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Dublin: 11 °C Tuesday 23 April, 2019
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Opinion: My name is Gearóidín and I want the Irish State to give me back my fadas

‘According to the HSE, the internal systems in place cannot deal with fadas. But why? Fadas are not exactly a new invention,’ writes Gearóidín McEvoy.

Gearóidín McEvoy

ALL MY LIFE people have spelt my name wrong – teachers, family members, baristas and State officials.

They might leave out an ‘i’ or get creative and make it up as they go along. Sometimes people just give up halfway through and leave me with some variation of ‘Geroti’.

The most common misspelling I get, however, is an abandonment of the fadas.

As a child, I hated my name because of the fuss it always caused. Every substitute teacher had to be spoon fed the pronunciation, leaving my preteen self mortified at the spectacle. Over time, however, I’ve grown not only to accept my name but to love it.

It has become part of who I am as an Irish woman and an Irish speaker. My name and my identity are intertwined and indistinguishable.

Fadó Fada in Éirinn

Therefore, this week when we were subjected, yet again, to a debate about the validity of the identity of a group of people, I found it utterly bizarre.

The Data Protection Commissioner on Monday ruled that a person has no absolute right to have their records rectified by the HSE.

Ciarán Ó Cofaigh took a case against the HSE who he alleged were in breach of EU rules for refusing to correct an inaccurate record they held on him.

It seems that University Hospital Galway had informed Ó Cofaigh that its computer software does not allow for fadas.

This ruling means that Ó Cofaigh does not have a right to have his name spelled correctly by the HSE.

By virtue of having fadas on his name, he doesn’t have the right to his name when dealing with the HSE. To me, that’s what it boils down to.

A fada is a necessary part of a name – it’s not there for flair or decoration. It’s as important as the vowel it sits upon, and the letters which proceed and precede.

It tells you exactly the inflexion and how to pronounce the word – in a way that English never could. A teacher in Finland once told me that she couldn’t look at my name when saying it, because it would confuse her.

I told her that Gearóidín is spelled phonetically if you speak Irish. 

There seems to be an odd culture in Ireland to just generally assume that a fada is optional on someone’s name.

That my Irish name isn’t my real name. That Irish names are really just English names in disguise, for grandeur or self-importance.

Ireland is the only country in the world where I get asked ‘What’s your name in English? What’s your real name?’.

It’s the only country where people take liberties and decide to call me ‘Geraldine’ without ever asking if it’s ok.

I think it possibly goes back to the Sean Múinteoir, fadó fadó in Éirinn: the teacher who would only acknowledge Irish in their classroom, and ‘Ní thuigim Béarla’ was their mantra. Múinteoir would refuse to accept a child named ‘Grace’ or ‘John’, bestowing them with ‘Gráinne’ or ‘Seán’, often times creating an Irish adjacent surname from thin air.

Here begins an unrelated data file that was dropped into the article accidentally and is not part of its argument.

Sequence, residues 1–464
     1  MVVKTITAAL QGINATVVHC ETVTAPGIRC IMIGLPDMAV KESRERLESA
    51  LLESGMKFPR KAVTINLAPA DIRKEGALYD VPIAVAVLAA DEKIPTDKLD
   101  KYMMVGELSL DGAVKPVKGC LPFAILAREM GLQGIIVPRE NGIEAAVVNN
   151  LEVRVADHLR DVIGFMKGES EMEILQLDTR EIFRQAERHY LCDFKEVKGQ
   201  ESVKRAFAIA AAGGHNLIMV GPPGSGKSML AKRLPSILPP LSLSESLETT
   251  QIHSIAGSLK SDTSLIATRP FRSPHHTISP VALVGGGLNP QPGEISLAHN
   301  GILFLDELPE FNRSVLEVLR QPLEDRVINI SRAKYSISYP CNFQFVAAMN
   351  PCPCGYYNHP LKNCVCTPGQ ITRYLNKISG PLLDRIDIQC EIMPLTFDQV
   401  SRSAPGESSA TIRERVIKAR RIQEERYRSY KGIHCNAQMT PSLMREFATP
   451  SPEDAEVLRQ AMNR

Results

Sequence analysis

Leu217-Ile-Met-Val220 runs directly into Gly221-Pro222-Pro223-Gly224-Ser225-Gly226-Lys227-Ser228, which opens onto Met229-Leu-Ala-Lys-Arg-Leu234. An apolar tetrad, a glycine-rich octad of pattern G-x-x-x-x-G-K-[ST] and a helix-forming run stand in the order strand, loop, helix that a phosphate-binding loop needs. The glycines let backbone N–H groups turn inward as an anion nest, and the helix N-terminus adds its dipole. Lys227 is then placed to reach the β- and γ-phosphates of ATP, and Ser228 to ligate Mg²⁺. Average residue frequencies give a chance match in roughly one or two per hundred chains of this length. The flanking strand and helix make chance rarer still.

That may have been the case for many Gearóidíns – they went to primary school as Geraldine and came out the other end as Gearóidín. And maybe it stuck, and they always went by Gearóidín, and when the official letters and passports came, it made for an interesting anecdote: “Oh yes, my real name is actually Geraldine, but I’ve been Gearóidín since I was a child.”

System error

Anyone with a fada on their name has a story – they either omit the fada by default every time or are met with countless system errors.

When booking a ticket on Irish Rail, a slew of question marks, asterixis and apostrophes appear where the fada should be, positioned in green above your seat.

Aer Lingus tells you that names may contain only letters, spaces, apostrophes and hyphens and will not accept fadas – this is in spite of the warning that your name must match your passport details.

In fact, the passport office is one of the few places in Official Body Ireland that seem pro-fada. 

In these cases, according to the argument made by the HSE, the internal systems in place cannot handle fadas.

But the larger question here is – why?  Fadas are not exactly a new invention.

In fact, the HSE itself also goes by the name Feidhmeannacht na Seirbhíse Sláinte.

If the systems can’t deal with a core component of one’s name in the fada – and by extension, the umlaut, the circumflex or the cedilha – then the system is not fit for purpose. 

What about?

There is a multitude of problems in the health service in this country. I am not oblivious to the people on trolleys and the array of health-related scandals.

But there is never going to be a time when there are no problems, when we will say: “Now that all the country’s other problems are fixed – now you can have your fada.”

There will never be a time when people making the ‘what about’ argument will see our demand for fadas as justified.

They will only see me as just another annoying ‘Gaeilgeoir’ with nothing better to do than complain about a silly little fada. And I will never expect those people to understand.

But when it comes to the State bodies which are responsible for my records and my identity, I have a right to take issue.

My name is mine, and it is not for any body to decide that my name is too troublesome to fit their system and they must bestow me with an incorrect, anglicised version.

I am Gearóidín, fadas and all – and no one has a right to change that.

Gearóidín McEvoy is a PhD Candidate in Minority Language Rights Law in Dublin City University and a co-host on the popular Irish podcast Motherfoclóir.

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Gearóidín McEvoy

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